Interview: Dave and Vicky from A Couple Travelers
Today’s interview is Dave and Vicky from ACoupleTravelers.com. They come from a very similar background and are traveling a near identical route to ours, so we were thrilled to be able to pick their brain about places like China and Burma:
Thanks for chatting with us today! When did you guys leave home to travel long-term?
After preparing for months, Vicky and I left home September 15th 2012. We just recently celebrated our 6 month anniversary as bloggers. We’re planning on doing a full 2 years so there’s still a lot in store!
Right now you are in Burma, a country full of the unknown… How has your experience been so far there?
Burma is an interesting country, perhaps the most interesting we’ve been to in South East Asia. It is surrounded by giants like India, China, and Thailand, as well as a tiny bit of Lao, all of which have had significant influence on the culture. It’s probably the most diverse culture we’ve ever seen. Some people look ethnically South East Asian, others Indian, it’s a real mix bag.
The Burmese are very friendly and as we walk around everyone is always saying hi and waving to us, adults and children alike. It’s nice to go to a place that is relatively untouched by tourism. There aren’t too many of those places left, certainly in Asia.
Since you’ve started traveling, what destination has been the most surprising, and which has been the most disappointing?
Vietnam was the most surprising. This is in part because so many other bloggers we read/talked to really disliked it. They talked about getting cheated all the time and unfriendly people. This was so not our experience, we loved Vietnam. It was wonderful interacting with the people, many of which we spent days with, and we weren’t cheated – not even once!
China was the most disappointing. We had really high hopes because it’s such a rich culture and history but when we got there, well, it was almost like it was all gone. The people conducted themselves somewhat uncivilized (loud talking, spitting, nose picking), and it’s becoming so industrialized that there just isn’t much traditional culture left, at least in the major cities. Still, I kind of recommend it, because, well, it’s China!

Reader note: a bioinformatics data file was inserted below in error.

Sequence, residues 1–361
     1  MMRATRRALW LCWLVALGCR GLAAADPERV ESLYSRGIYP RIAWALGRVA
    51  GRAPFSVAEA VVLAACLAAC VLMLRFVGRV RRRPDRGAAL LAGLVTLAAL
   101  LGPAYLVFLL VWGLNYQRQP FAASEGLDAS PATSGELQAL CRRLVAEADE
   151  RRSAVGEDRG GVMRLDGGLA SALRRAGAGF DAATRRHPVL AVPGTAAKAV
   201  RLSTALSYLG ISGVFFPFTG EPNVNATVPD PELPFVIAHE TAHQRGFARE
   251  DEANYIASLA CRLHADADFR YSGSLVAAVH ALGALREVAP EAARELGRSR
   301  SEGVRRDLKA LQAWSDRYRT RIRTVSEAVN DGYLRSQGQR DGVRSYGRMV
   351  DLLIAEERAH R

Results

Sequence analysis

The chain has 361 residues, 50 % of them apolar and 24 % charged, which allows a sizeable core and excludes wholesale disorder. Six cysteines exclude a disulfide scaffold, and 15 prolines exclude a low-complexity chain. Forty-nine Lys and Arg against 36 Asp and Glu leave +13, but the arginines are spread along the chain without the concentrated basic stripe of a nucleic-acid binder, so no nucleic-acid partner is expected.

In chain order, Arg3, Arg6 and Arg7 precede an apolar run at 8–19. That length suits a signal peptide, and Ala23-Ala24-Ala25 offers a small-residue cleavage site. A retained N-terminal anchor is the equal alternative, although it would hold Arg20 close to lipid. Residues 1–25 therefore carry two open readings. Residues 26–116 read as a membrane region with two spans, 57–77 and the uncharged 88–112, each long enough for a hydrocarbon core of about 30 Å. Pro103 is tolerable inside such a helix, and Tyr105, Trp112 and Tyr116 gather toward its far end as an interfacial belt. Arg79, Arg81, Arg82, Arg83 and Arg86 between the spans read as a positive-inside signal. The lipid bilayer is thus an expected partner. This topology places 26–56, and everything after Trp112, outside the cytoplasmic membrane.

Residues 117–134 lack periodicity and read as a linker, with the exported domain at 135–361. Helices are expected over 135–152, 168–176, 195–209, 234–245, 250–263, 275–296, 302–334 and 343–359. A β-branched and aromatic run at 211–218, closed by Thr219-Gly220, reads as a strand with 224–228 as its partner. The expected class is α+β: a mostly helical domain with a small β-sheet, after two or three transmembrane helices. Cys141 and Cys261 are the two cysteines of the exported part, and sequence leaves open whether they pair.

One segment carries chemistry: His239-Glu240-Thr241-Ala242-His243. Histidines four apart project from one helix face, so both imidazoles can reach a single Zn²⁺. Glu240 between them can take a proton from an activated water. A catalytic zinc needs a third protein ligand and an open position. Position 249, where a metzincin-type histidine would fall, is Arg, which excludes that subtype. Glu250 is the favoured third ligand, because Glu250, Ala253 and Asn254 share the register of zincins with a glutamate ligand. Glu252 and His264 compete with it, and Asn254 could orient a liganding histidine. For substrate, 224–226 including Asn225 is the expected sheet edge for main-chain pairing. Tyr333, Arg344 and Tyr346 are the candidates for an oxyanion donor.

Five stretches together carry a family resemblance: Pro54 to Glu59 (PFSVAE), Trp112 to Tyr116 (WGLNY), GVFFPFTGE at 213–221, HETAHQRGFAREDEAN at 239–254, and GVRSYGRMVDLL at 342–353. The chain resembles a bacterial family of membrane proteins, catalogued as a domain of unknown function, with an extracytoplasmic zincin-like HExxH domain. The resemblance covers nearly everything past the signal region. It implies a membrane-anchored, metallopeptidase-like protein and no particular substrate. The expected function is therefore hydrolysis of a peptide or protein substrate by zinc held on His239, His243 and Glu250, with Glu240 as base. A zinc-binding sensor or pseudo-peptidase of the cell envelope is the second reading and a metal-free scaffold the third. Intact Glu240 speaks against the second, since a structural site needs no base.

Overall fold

You guys recently spent over 50 days in China, would you recommend that length of time for other travelers headed to China?
In some ways we wouldn’t recommend much less. Now, that’s not entirely true, but in our opinion China is not a place to go to for a week. It’s a large country with a lot to offer but you have to get out there, see more than just Beijing and Shanghai. Go out west, visit the small towns, do some hiking, go to Yunnan province. I think if you can do this you will have a better time in China and a better feel for the culture and people.
Could you tell us ONE thing to SEE, DO, and EAT in China?
While these are maybe not the top top (i.e The Great Wall), I’m recommending them as slightly off the beaten path things:
See – Lugu Lake. Granted, it is very out of the way and for everyone may not be worth it. We really liked it for two reasons though. The first is that the lake is gorgeous and you can bike around and see the surrounding local life of an ethnic group that is not the Han Chinese. The first is that there were no other Westerners the entire two days we were there.
Do – Hike The Tiger Leaping Gorge. One of our all time favorite hikes. Great view, almost like you’re up close to the mountain itself. It’s very different from most of the hikes we do which, frankly, we often walking up stairs.
Eat – Peking Duck. This is a classic Chinese dish and very tasty. They serve it multiple ways combining the skin and meat. We went to a restaurant with our Couchsurfer, who took us to a very nontouristy place for a reasonable price. Definitely don’t go to just any restaurant, as there are many and I’m sure the quality varies.
What would your biggest piece of advice be for navigating the public transportation in China?
Write everything down in Chinese. People, generally, don’t speak or read English. They do read Chinese though. You have to latch on to the one person who speaks English and say “write down ‘How do I get to the bus station'” and then just carry this around and show it to everyone you can until they finally point you in the right direction. It’s a much more difficult country to backpack in and very little is set up to make a backpacker’s life easier.
One of our biggest worries about heading to China later this year is their lack of high-speed internet. How did you handle that while being there for so long? No Facebook either!?!?!
Yes, the internet in China is generally awful – what can I say? It was a very difficult country to blog in, probably the MOST difficult we’ve encountered. Eventually, however, you will come across decent internet and even facebook (VPNs). When you do, prepare ahead. Don’t just get the information you need now, get the information you need for the next few days or even a week. If you haven’t gotten the message yet, in China you need to be prepared. You need to make the most of the good times to weather the storm when there is no internet and no English.
Lastly, what music do you guys listen to?
I like alternative rock, Incubus for example.
Vicky likes Russian Pop.
Bio: Dave and Vicky are the authors of Travel and Food blogs A Couple Travelers, TravelingThroughFood, and AvocadoPesto. Having spent 2 years in the working world, they exchanged their briefcases for backpacks, dress shoes for sandals, and beds for sleeping bags. In September 2012 they embarked on a 2 year journey across Asia and Europe. Follow us on Twitter and Facebook!